While Austen’s prose interests me for its precise picture of life when my girls — Emma and Mary — were growing up, it’s Scott’s correspondence that provides the interest: he was the guardian of the Maclean Clephane girls. Margaret Maclean Clephane married the Smiths’ cousin Spencer Compton (Lord Compton, later the 2nd Marquess of Northampton). Scott’s letters shed light on the periods of time when the young family was abroad; while Emma’s diaries comment on the young man’s marriage with a Scottish beauty!
But back to Walter Scott..
As you see from the image, there are 12 volumes of letters, published in the 1930s. You can find these letters ONLINE!
Here’s a short list of items, as delineated on the page entitled “Authentic Austen, Scott, Waldie“:
Millgate Union Catalogue of Walter Scott Correspondence, at the National Library of Scotland, gives a fully searchable database. You’ll Find Lady Compton and the Clephanes well represented…
A recent discovery, and, although not quite as handy as the book volumes, I am grateful to find all the published edition of Letters online and fully searchable. The line numeration is a bit of a pain (though you always know which page you’re on in which volume!), and the notes seem missing, but this should prove an exceptionally useful source. One wish: someone needs to clean up the scanned text a bit.
I’m very “bullish” on anything “authentic” — letters, diaries, first editions, etc etc., so do check out the other items on this blog page: https://smithandgosling.wordpress.com/authentic-austen/
A reader who wrote to me about Lachlan Macquarie might be interested to know that according to the Millgate Catalogue, there is one 1821 letter. (BTW, I noticed a broken link there; note that it has now been updated!)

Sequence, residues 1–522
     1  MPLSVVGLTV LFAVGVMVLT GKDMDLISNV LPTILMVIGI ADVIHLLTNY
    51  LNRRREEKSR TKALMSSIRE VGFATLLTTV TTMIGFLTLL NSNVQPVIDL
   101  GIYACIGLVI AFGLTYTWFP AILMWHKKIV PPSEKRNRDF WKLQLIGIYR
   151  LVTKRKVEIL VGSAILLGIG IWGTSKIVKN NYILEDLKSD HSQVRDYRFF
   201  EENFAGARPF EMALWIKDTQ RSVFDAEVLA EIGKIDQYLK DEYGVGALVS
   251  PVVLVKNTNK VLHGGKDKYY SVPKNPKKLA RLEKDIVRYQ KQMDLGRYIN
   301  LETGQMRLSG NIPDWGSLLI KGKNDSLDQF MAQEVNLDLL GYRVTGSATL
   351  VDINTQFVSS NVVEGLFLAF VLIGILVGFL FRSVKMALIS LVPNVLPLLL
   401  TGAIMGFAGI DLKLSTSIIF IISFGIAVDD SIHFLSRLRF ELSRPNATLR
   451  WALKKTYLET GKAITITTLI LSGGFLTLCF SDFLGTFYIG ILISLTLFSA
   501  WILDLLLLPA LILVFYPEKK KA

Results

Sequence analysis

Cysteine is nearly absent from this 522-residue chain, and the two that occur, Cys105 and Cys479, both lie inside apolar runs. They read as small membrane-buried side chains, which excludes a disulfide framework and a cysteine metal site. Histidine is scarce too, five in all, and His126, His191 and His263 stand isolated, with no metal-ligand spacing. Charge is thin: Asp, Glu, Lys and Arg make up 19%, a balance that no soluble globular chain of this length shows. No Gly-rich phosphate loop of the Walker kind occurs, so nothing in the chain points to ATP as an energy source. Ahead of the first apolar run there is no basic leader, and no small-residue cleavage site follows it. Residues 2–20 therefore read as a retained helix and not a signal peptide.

The letter is dated 24 Nov 1821, from Government House, Sydney NSW. Seems Lachlan Macquarie was a relation to my dear Margaret, Lady Compton! The original letter is at the National Library of Scotland.
A short note here to add that if anyone has the book THE COMPTONS OF COMPTON WYNYATES, I’d love to see the chapters on the 1st and 2nd Marquesses — and the portrait of Maria, Lady Northampton by her sister Eliza Chute!!
Sarah, a reader researching her family tree, contacted me recently — ID’ing the Rev. Daniell, whom Mary (Lady Smith) heard preach in Ramsgate in 1841, as John Mortlock Daniell. Just knowing the entire name, has opened up a load of information, including a picture of the man: he published much work.
Mary Gosling’s diaries were the first I found; Lady Smith’s were the diaries which opened up this entire project. Even last night, reading some of Mamma Smith’s 1830s diaries, my thoughts roamed to ask, “Where are more diaries? They must have been divvied up between her surviving children…”
There are literally HUNDREDS of names in all these diaries and letters. The Smiths rarely say much about people, but just knowing who they met and interacted with fleshes out their lives that little bit more.
For instance, Sarah’s information made me look that much closer at Mary’s comments: usually she mentioned a clergyman in reference to him “doing the duty”; here she has written that she “went to hear Mr Daniell”. A curious phrase – but one borne out by Mr Daniell’s reputation as “very popular.”
I cannot offer Sarah much information — but the fact that she can now place one woman in her forebear’s congregation for one Sunday is proof that the power of the internet connects so many disconnected things: as in recreating the lives of people alive 200 years ago!
I hope to start adding lists of names, from Emma’s diaries, from Mamma Smith’s diaries; from family letters. Do take a look at those lists already up under Dramatis Personae — and let me know if you know something about someone on the list. Even a name alone can sometimes unlock a world of information.
And if you’re lucky: You get a picture too!
R.H. Culp wrote an intriguing post that touches on books-made-into-films:
“Every time another book-derived movie comes out it feels like it is condemning the book to obscurity. Too many times I’ve asked someone if they’ve read Harry Potter or The Lord of the Rings and they say, “No, but I’ve seen the movies.” Why can’t people who want to experience these worlds sit down for a few hours and read?”